I am pleased to present my electronic newsletter. These e-newsletters enable me to provide information about issues, events and activities in Harrisburg and around the 49th Senatorial District to you in a timely manner while saving postage costs.
If you find this e-newsletter useful, I invite you to visit my website www.senatorlaughlin.com for more information about your state government. If you do not wish to receive these e-newsletters, please click the “unsubscribe” button at the bottom of the page.
Looking Back at My First Year in Office
As the General Assembly reconvenes to start our legislative work for 2018, I begin my second year representing the 49th District with hopes of matching the success I achieved during my first 12 months in office.
The transition from working as an Erie businessman to representing my friends and neighbors in Harrisburg was a challenge that I certainly enjoyed taking on in 2017. Things work a little slower in state government than they do in private industry, so that took a little bit of time to adjust to. But as a freshman, some of the accomplishments that I had were fairly substantial.”
Topping the list is certainly my successful effort to lock in a recurring $14 million increase in state funding for the financially struggling Erie School District – a task that was compounded during budget deliberations by the difficult fiscal straights facing the Commonwealth as it grappled with a multi-billion dollar deficit.
It was easy to argue for it (basic education funding increase) because there was such a clear need for the Erie School District. What I figured out pretty quickly is, you must have pretty decent people skills to get something done around here and you have to talk to everybody. I talked to the Democrats. I talked to the Republicans. I don’t think there is a single member of the Senate that didn’t understand that the Erie School District was really my top priority this past year.
In addition to providing the funding boost for Erie schools, the Senate also approved two bills I sponsored last year.
Senate Bill 169 would require lobbyists to register and file reports electronically through a computerized system developed by the Pennsylvania Department of State. Currently, lobbyists may register and file reports on paper forms, which in some cases has delayed the posting of the information on the department's website. The bill is now before the House State Government Committee.
Senate Bill 663 amends the UCC act to eliminate the monopoly by requiring municipalities to contract with at least three third-party agencies to handle building inspections. The bill is now before the House Labor & Industry Committee for consideration.
While the financial struggles of the Erie School District may be a known commodity in the Capitol and the Senate, I found that many of my colleagues really don’t know a lot about my hometown.
We are pretty far away from Harrisburg, so there are actually a lot of people who haven’t visited our city. I am fortunate to represent most of Erie County. I consider it one of the best districts. I have the lake. We have Ohio and New York at our borders and I actually have a Canadian border. I am the only senator with an international border, so I rub that in every once in a while.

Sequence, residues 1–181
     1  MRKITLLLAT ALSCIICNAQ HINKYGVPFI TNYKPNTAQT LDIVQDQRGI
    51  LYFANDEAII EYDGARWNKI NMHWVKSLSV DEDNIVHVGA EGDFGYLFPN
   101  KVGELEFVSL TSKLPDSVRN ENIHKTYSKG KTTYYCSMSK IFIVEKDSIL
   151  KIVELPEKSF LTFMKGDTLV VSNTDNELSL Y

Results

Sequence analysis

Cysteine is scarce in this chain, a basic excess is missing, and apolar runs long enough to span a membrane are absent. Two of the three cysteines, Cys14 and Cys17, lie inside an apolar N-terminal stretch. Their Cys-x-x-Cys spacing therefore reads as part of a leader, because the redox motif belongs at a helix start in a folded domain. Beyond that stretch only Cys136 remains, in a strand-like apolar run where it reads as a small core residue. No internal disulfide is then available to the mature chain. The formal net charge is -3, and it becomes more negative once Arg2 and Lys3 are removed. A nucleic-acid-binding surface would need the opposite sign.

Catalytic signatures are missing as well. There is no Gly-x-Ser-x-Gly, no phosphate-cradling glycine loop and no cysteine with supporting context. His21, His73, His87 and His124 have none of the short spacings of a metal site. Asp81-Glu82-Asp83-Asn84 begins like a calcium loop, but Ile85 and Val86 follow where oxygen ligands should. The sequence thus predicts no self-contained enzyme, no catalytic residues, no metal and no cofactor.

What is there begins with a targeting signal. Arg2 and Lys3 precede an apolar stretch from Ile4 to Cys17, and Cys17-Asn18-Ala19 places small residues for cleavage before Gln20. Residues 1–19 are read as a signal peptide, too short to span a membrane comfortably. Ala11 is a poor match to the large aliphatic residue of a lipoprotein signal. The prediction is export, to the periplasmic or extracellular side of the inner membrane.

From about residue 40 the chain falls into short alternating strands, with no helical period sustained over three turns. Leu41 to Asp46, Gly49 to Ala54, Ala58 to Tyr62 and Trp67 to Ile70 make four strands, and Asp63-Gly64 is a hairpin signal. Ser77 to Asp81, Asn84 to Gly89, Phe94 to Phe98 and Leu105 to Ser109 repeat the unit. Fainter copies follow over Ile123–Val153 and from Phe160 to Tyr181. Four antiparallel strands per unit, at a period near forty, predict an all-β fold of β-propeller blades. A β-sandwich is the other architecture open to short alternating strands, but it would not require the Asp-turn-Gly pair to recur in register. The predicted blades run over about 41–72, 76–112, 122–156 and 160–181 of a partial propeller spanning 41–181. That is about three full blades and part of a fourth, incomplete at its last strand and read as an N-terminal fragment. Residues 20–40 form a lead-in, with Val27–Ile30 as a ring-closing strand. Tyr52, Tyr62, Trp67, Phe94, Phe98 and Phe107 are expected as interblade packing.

With the school funding issue handled, promoting economic development and job creation top my list of New Year’s resolutions for 2018.
When I look at our region and I see some of the issues we are having, you can tie them all back to the loss of a good-paying job for a family. Some of the blight issues that we are having, some of the crime issues – they boil down to the fact that somebody doesn’t have a good job. That’s why that’s my next big goal and why I intend to work pretty hard to bring jobs back to Erie.
I plan to build on the lessons learned and the bridges built last year to promote my legislative objectives for 2018. One of my goals is to be the voice of reason. I don’t have any problem working with the Senate Democrats at all. Some of them have become friends of mine. They are representing their districts just as I am representing mine. There is common ground that can be reached fairly easily. The citizens of this state don’t think in quite a partisan manner as perhaps some of the elected folks would like to believe.
First Year Savings Exceed $250,000
As I wrapped up my first year in office, cost cutting measures and reduced expenditures resulted in savings exceeding more than $250,000 for Pennsylvania taxpayers in 2017.
These savings resulted primarily from a substantial reduction in office space costs, a paring of payroll expenses and my refusal to accept the traditional perks that come with the job as a state Senator.
Being fiscally responsible is obviously part of who I am and what I intend to do in this office. Right now according to my calculations we have saved more than a quarter million dollars in taxpayers’ money compared to the previous senator. It came from a combination of the fact that I don’t take a vehicle. I buy my own gas. I have fewer staff and spend less money on my office space.
Through a renegotiation of the lease for our Erie District Office, we were able to secure a 31 percent reduction in the monthly rent for the space vacated by former Senator Sean Wiley. That represents a savings to taxpayers of $15,540 a year for the same location.
Taxpayers would have incurred a $12,285 cancellation penalty if the state had sought an early termination of the lease for the Griswold Plaza office. Additionally, the state would have essentially forfeited about $40,000 that was spent on renovations to the office during Senator Wiley’s term.